Protectionism and Paternalism Brewing in Florida – “I believe I know what’s best.”

Image Credit:  beerstreetjournal.com/

The Cigar City Brewing Tasting Room (Image Credit: beerstreetjournal.com)

 

The Florida senate has passed a bill, SB 1714, that would prohibit craft brewers from selling certain products directly to consumers.  Currently, many breweries in Florida operate “tasting rooms” abutting their facilities, through which they interact directly with their customers, offering free samples as well as bottles, cans, and growlers of beer for purchase.  The bill, which has an effective date of July 1, 2014, would require any bottles and cans sold by these tasting rooms to first be sold to distributors — and bought back by the brewery at marked up prices — before being sold to consumers.  Any brewery selling more than 2,000 kegs a year would be subject to these restrictions.

Joey Redner, the owner of Tampa craft brewery Cigar City Brewing, has called this “crony capitalism,” and has threatened to move his operation out of Florida.  

In an impassioned statement posted on his brewery’s website, he went into detail about his claim:

 But what is truly galling about SB 1714 is that the distributor owners who are pushing for it know full well that most states allow retail sales and/or self-distribution. These distributor owners and their employees travel all across the country courting out of state breweries so that they can sell their products here in Florida…

And these Florida Beer Wholesaler Association member owners know full well that every single day their trucks will pull out of their warehouse laden with beer from states that allow retail sales and self-distribution and the inherent advantages that come with it. If distributor members of the FBWA realize their legislative ambitions, they will knowingly and happily put the Florida breweries they represent at a severe competitive disadvantage. All so they can make a few more dollars.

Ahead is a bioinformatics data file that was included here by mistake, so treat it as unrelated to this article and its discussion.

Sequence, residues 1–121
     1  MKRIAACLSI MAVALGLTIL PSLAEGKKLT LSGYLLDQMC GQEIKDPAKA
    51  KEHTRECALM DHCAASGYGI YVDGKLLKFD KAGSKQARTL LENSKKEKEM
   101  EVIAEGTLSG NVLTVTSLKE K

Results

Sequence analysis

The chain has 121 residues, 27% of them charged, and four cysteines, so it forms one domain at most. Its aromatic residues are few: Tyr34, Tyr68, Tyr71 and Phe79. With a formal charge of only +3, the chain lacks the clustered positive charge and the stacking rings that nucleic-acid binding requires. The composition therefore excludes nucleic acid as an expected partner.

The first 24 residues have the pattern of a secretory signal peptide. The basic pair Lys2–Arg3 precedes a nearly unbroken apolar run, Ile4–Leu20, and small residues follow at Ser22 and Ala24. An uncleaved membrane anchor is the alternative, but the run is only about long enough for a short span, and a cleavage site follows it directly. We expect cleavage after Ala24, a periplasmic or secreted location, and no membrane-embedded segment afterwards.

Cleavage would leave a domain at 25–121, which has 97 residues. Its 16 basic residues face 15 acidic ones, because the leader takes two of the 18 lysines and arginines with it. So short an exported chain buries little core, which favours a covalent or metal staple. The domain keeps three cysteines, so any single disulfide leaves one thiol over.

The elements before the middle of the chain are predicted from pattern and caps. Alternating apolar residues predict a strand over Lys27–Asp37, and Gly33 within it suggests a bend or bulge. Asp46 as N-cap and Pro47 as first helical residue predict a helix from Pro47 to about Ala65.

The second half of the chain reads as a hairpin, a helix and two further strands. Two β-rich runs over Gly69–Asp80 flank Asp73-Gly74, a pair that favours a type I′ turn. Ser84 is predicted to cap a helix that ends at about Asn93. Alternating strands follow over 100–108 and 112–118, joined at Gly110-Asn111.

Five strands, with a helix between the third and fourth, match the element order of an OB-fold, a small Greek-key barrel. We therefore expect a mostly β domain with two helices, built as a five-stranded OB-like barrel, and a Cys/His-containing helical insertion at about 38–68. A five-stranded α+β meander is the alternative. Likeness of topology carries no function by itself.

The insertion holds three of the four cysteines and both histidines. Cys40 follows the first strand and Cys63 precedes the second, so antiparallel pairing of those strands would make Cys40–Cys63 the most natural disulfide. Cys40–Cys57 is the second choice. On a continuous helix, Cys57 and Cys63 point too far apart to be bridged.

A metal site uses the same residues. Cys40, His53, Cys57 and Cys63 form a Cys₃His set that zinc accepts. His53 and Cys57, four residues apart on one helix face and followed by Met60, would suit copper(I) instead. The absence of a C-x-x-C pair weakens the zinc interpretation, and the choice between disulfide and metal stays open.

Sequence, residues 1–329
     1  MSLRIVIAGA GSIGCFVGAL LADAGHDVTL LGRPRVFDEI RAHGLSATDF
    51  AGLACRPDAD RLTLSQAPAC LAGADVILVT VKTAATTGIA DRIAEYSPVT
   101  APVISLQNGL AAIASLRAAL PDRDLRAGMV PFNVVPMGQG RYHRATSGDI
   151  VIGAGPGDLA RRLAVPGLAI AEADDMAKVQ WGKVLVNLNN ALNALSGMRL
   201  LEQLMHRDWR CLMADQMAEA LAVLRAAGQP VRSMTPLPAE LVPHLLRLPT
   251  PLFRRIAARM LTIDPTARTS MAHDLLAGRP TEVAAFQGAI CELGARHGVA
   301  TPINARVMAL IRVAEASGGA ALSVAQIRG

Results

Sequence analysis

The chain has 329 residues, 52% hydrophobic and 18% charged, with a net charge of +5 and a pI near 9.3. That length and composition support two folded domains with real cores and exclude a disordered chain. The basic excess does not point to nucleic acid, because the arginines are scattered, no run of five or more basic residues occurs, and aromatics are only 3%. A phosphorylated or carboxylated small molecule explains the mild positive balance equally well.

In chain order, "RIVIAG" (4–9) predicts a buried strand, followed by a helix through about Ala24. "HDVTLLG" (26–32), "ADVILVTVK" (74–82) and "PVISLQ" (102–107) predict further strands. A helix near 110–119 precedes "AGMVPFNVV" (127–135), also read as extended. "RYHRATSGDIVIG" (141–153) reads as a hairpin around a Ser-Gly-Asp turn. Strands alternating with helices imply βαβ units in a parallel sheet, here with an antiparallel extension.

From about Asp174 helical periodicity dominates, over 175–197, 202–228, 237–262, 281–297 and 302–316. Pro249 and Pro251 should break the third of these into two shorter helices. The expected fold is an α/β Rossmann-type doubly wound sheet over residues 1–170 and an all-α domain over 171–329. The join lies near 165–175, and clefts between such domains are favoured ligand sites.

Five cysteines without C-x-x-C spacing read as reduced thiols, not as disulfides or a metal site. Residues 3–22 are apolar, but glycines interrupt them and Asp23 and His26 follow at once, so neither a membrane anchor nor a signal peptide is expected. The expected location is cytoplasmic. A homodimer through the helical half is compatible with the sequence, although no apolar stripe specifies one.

But bill sponsor Sen. Kelli Stargel claims that the point of SB 1714 is to preserve the post-Prohibition-era “three tier system,” which maintains stark separations between producers, distributers, and retailers.

Why?  Stargel has offered little reasoning other than providing “clarity” in the law.  The Tampa Tribune reports her as blaming craft brewers for not being involved in the bill process, and that “at some point, a mother has to say, ‘I believe I know what’s best.’

Unsurprisingly, this bill garnered the support of the Florida Beer Wholesalers Association – which has contributed $65,600 to the reelection campaigns of many in the Florida senate, according to the Tampa Bay Times.  The Times goes on to report that Sen. Stargel has herself collected $6,000 from beer distributers for her personal 2016 reelection bid.

Perhaps Sen. Stargel expected the breweries to become involved in the process in a similar manner.

 

In debate yesterday, the larger issues surrounding this bill came to the forefront.

The bill faced impassioned bipartisan opposition from Senators Arthenia Joyner (D) and Jack Latvala (R).  Latvala opened by saying that he does not question Sen. Stargle’s motives, but “the sad fact is this is going to stifle an industry… People just see it for what it is, which is an attack on an industry by another group of businesses.”  Sen. Joyner, who represents the county that Cigar City Brewing calls home, continued after Latvala:

We live in America where we relish competition.

Why would we pass any legislation that would stifle competition?  That would enhance economic benefit for one segment of this industry and maybe completely obliterate it for the small business person?

 

Supporters retorted that the 2,000 keg mark was “big enough” to invite regulation*.  It was left unclear why “regulation” — or Stargel’s “clarity” — requires favoring one side of an economic arrangement at the direct expense of the other.  The bill passed 30-10.

The tale of SB 1714 has revealed many intertwining threads of protectionism and paternalism operating in Florida politics.  If our institutions are used to pick economic winners and losers, openings for corruption will multiply.

If the political power is there, then economic power will attempt to capture it in the form of campaign contributions.

Power breeds corruption.  It is unavoidable.

*Cigar City Brewing sells 100,000 kegs a year, and claims that this bill will cost the company $175,000 in profit.